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20Q: The Stellar Sierra Reed

Sierra Reed is a star on the rise. After an epiphany of sorts while on a work trip to New Zealand, Californian native Reed set about throwing herself head first into the world of winemaking.

It’s an impressive CV too, including stints at Hearst Ranch Winery (Paso Robles), Domaine Chandon (Yarra Valley), Pina and Hunnicutt Wineries (Napa Valley), Head Wines (Barossa Valley), Rippon (Central Otago), Domaine du Vissoux (Beaujolais), Mount Langi Ghiran (Grampians), Lethbridge (Geelong) and the revered E. Pira & Figli (Barolo) under the guidance of the great Chiara Boschis.

And the lessons learned are obvious. Reed’s 2015 ‘Alexia’ Grenache is an essay in style and grace, and easily one of the best Australian wines we’ve tasted this year.

Now based in Melbourne with her young family, we recently caught up with Sierra to find out what makes her tick…


1. What do you do for a living?

I’m lucky enough to do what I love; hopefully I’ll make a living from it soon.

2. Describe Reed Wines in a sentence.

Reed Wines is about purity in the glass.

3. Tell us about Reed ‘Alexia’ Grenache 2015. What should we be eating with it?

‘Alexia’ Grenache was birthed from a moment I had in 2010 with a glass of Grenache in California of all places. There is a small winery the size of my bathroom called Kynsi, and they had a Grenache that really changed the way I perceived the variety, it read like Pinot Noir. It was delicate, perfumed and had the body of Kate Moss circa 1980. I wasn’t even close to making my own wines back then, but I saw the same potential in the Barossa Valley when visiting and tasting during the 2013 vintage with Alex Head. When the opportunity came in 2015 to get two tonnes of fruit selected with Alex’s expert knowledge of the region, I jumped at it. Making this Grenache was an absolute dream; I had multiple goosebumps moments along the way as I watched the wine evolve. This wine is in many ways a validation of my decision to give away six figures, follow a passion and work for experience for six years. This wine makes it all worthwhile, and I hope my future wines live up to its high standards.

Drink me like the French from Beaujolais do, with charcuterie and cheese for breakfast, lunch and dinner.

4. How did you come to be in wine?

Long story short, I was hosting a television show in New Zealand for a few years, and one program we filmed was called ‘Harvest’. The focus of the show was on wine and food, interviewing the Family Of Twelve, which includes the likes of Pegasus Bay, Felton Road and Ata Rangi. After the second year presenting the show, I had a light-bulb moment during an interview, and it was so clear to me that these families were doing something that was both special and unique to them. I remember thinking that if I could just have a sliver of their world in my future, my happiness would be endless. So after many vintages around the world, and incredible mentors imprinting their passionate philosophies on me, here I am.

5. What skill so you possess that nobody knows you have?

None, I am a complete open book, and I have the gift of the gab. There isn’t anything about me that people don’t already know or couldn’t Google search and find out. I’m OK not being mysterious.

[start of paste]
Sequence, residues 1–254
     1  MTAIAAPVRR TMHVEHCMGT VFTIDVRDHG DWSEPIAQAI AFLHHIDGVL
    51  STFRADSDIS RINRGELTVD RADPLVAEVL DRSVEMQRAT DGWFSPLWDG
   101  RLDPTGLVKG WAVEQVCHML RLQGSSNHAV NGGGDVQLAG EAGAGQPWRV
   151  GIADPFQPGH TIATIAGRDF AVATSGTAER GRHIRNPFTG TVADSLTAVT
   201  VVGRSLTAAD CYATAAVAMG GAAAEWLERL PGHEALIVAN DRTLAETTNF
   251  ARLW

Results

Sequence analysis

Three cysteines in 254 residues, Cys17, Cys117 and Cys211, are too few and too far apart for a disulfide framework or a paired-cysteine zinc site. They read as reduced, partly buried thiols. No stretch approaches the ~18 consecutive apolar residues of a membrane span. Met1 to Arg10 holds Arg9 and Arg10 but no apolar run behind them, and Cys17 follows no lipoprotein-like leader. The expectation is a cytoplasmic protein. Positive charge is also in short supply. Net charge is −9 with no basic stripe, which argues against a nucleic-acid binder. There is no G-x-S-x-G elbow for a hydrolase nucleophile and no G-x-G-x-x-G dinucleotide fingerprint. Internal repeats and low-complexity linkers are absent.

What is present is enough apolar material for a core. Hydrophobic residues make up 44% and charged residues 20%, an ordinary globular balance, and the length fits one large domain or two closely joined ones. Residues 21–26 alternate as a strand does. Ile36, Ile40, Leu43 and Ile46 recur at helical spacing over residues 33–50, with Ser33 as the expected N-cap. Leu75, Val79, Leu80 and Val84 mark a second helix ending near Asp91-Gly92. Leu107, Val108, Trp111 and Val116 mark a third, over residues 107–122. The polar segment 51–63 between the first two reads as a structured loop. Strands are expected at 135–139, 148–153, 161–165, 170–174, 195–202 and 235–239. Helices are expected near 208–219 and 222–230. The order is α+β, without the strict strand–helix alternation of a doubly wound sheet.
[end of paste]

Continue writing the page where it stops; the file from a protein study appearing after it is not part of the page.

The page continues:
6. What do you miss most about being a kid?

Experiencing the sensory moments I now often draw from to describe wine.

7. Do you have a nickname?

Not really, but I was often introduced to people as the girl who wears her heart on her sleeve and her foot in her mouth. Otherwise Si, because Australians always like to make everything extra short.

8. The biggest myth surrounding wine is…

The heavier the glass bottle, the better the wine.

9. What’s your knock off drink off choice?


10. What’s you favourite sound?

I’m a Cali girl; it has to be the ocean.

11. The most underrated grape variety on the planet is…

My favourite grape variety: Gamay.

12. Where do you find inspiration?

I have been travelling the world since I was a teenager, and there is nothing more inspirational than being a ghost in a new place.

13. If you weren’t making wine, what would you be doing?

I would be dead.

14. What would your superpower be?


15. What song do you never want to hear in the winery again?

I feel bad because he passed away recently, but it’s got to be ‘Purple Rain’ by Prince. When I worked at Domaine du Vissoux in Beaujolais, Pierre had a 3-disc cd player, and that song always skipped and no-one ever had a free hand to change it. Just imagine it.

16. What’s so special about your neck of the woods?

We are currently taking the first steps to calling the Grampians home; by next vintage we should have a small winery up and running. The Grampians is such a beautiful place, but for me it’s the motherland of gorgeous Shiraz, and that’s why it has my number.

17. Whose wines should we be checking out?

Stony Hill from the Napa Valley, the vineyards were planted in 1952. Think old-school Napa, not Napa today. Very exciting place to visit and see the contrast.

18. The best way to spend a Sunday is…

Prepare a long lunch with friends, my husband and new baby girl.

19. Got any guilty pleasures?

Montecristo cigars.

20. Elvis or Elton?

Considering that I was once given a place to crash by Jack Osborne, who is Elton’s Godson, it’s Elton all the way. Think Death Valley, tequila and me on the bar singing ‘Bennie and the Jets’…